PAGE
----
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Using an Asynchronous Client Socket 

An asynchronous client socket does not suspend the application while waiting for network operations to complete. Instead, it uses the standard .NET Framework asynchronous programming model to process the network connection on one thread while the application continues to run on the original thread. Asynchronous sockets are appropriate for applications that make heavy use of the network or that cannot wait for network operations to complete before continuing.

The Socket class follows the .NET Framework naming pattern for asynchronous methods; for example, the synchronous Receive method corresponds to the asynchronous BeginReceive and EndReceive methods.

Asynchronous operations require a callback method to return the result of the operation. If your application does not need to know the result, then no callback method is required. The example code in this section demonstrates using a method to start connecting to a network device and a callback method to complete the connection, a method to start sending data and a callback method to complete the send, and a method to start receiving data and a callback method to end receiving data.

Asynchronous sockets use multiple threads from the system thread pool to process network connections. One thread is responsible for initiating the sending or receiving of data; other threads complete the connection to the network device and send or receive the data. In the following examples, instances of the System.Threading.ManualResetEvent class are used to suspend execution of the main thread and signal when execution can continue.

In the following example, to connect an asynchronous socket to a network device, the Connect method initializes a Socket and then calls the BeginConnect method, passing a remote endpoint that represents the network device, the connect callback method, and a state object (the client Socket), which is used to pass state information between asynchronous calls. The example implements the Connect method to connect the specified Socket to the specified endpoint. It assumes a global ManualResetEvent named connectDone.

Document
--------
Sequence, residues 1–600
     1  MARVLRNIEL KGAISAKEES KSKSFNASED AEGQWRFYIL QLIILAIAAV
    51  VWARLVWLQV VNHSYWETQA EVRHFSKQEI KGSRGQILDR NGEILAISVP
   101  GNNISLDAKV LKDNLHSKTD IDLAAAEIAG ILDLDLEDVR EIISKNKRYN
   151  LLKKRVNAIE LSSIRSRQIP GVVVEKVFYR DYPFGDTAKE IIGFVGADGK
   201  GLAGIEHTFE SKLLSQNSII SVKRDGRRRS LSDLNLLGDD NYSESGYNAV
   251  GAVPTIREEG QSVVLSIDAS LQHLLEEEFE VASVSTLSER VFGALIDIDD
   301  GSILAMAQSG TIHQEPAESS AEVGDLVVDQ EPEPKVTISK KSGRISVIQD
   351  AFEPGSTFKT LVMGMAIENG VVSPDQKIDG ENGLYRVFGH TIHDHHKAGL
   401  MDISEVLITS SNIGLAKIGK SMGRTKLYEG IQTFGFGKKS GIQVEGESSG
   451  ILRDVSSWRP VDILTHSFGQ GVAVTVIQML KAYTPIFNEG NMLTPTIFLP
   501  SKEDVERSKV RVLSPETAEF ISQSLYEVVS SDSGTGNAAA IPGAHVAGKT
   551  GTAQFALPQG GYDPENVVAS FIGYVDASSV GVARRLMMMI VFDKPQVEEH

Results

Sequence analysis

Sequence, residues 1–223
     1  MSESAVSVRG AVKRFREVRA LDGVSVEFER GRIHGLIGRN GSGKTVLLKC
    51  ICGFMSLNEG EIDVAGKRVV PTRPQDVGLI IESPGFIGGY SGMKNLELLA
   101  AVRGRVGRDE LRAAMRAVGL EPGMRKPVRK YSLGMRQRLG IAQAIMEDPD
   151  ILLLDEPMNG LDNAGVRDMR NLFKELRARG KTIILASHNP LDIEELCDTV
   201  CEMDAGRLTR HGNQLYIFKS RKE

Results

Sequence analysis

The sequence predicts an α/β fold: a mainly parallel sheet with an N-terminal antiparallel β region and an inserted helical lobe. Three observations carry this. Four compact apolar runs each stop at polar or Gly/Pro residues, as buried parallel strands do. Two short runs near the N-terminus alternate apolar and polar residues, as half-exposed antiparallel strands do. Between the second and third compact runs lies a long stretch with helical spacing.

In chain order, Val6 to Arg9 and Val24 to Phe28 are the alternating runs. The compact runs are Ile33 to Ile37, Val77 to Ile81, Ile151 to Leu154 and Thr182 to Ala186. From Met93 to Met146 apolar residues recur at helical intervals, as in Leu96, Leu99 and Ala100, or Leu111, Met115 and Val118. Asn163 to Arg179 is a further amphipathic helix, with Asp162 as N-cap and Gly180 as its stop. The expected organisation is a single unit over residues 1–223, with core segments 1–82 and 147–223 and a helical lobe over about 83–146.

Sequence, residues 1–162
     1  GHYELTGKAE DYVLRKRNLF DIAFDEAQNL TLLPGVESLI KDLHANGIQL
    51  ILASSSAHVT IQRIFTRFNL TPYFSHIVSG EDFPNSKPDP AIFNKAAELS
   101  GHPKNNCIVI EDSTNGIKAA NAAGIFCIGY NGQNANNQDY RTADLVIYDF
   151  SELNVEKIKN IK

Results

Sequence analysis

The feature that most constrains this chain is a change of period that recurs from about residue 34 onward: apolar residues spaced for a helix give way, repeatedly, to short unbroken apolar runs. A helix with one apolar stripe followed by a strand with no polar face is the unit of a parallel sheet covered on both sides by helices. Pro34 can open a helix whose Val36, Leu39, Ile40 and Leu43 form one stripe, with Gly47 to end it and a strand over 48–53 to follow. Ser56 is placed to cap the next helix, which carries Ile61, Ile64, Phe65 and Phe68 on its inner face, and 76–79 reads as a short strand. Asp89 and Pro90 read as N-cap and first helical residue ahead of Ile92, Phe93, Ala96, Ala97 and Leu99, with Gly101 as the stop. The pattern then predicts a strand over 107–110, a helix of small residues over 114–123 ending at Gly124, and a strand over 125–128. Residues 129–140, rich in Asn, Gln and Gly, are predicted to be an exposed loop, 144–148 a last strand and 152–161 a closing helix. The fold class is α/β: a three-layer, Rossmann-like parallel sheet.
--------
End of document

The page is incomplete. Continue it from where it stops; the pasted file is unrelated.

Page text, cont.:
public static void Connect(EndPoint remoteEP, Socket client) {
    client.BeginConnect(remoteEP, 
        new AsyncCallback(ConnectCallback), client );

   connectDone.WaitOne();
}

The connect callback method ConnectCallback implements the AsyncCallback delegate. It connects to the remote device when the remote device is available and then signals the application thread that the connection is complete by setting the ManualResetEvent connectDone. The following code implements the ConnectCallback method.

private static void ConnectCallback(IAsyncResult ar) {
    try {
        // Retrieve the socket from the state object.
        Socket client = (Socket) ar.AsyncState;

        // Complete the connection.
        client.EndConnect(ar);

        Console.WriteLine("Socket connected to {0}",
            client.RemoteEndPoint.ToString());

        // Signal that the connection has been made.
        connectDone.Set();
    } catch (Exception e) {
        Console.WriteLine(e.ToString());
    }
}

The example method Send encodes the specified string data in ASCII format and sends it asynchronously to the network device represented by the specified socket. The following example implements the Send method.

private static void Send(Socket client, String data) {
    // Convert the string data to byte data using ASCII encoding.
    byte[] byteData = Encoding.ASCII.GetBytes(data);

    // Begin sending the data to the remote device.
    client.BeginSend(byteData, 0, byteData.Length, SocketFlags.None,
        new AsyncCallback(SendCallback), client);
}

The send callback method SendCallback implements the AsyncCallback delegate. It sends the data when the network device is ready to receive. The following example shows the implementation of the SendCallback method. It assumes a global ManualResetEvent named sendDone.